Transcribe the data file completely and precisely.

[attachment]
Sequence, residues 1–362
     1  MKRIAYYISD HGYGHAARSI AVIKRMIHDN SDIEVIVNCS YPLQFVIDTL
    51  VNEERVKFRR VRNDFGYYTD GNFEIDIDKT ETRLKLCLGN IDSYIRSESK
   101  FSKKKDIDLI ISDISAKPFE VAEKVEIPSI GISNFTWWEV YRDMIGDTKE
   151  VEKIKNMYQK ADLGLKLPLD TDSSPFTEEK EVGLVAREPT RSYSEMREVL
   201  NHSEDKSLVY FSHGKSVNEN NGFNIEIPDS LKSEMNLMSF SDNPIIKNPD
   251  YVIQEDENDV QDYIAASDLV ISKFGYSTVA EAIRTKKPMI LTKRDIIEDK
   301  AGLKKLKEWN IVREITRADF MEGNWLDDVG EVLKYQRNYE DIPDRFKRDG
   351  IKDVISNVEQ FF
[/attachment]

Sequence, residues 1–362
     1  MKRIAYYISD HGYGHAARSI AVIKRMIHDN SDIEVIVNCS YPLQFVIDTL
    51  VNEERVKFRR VRNDFGYYTD GNFEIDIDKT ETRLKLCLGN IDSYIRSESK
   101  FSKKKDIDLI ISDISAKPFE VAEKVEIPSI GISNFTWWEV YRDMIGDTKE
   151  VEKIKNMYQK ADLGLKLPLD TDSSPFTEEK EVGLVAREPT RSYSEMREVL
   201  NHSEDKSLVY FSHGKSVNEN NGFNIEIPDS LKSEMNLMSF SDNPIIKNPD
   251  YVIQEDENDV QDYIAASDLV ISKFGYSTVA EAIRTKKPMI LTKRDIIEDK
   301  AGLKKLKEWN IVREITRADF MEGNWLDDVG EVLKYQRNYE DIPDRFKRDG
   351  IKDVISNVEQ FF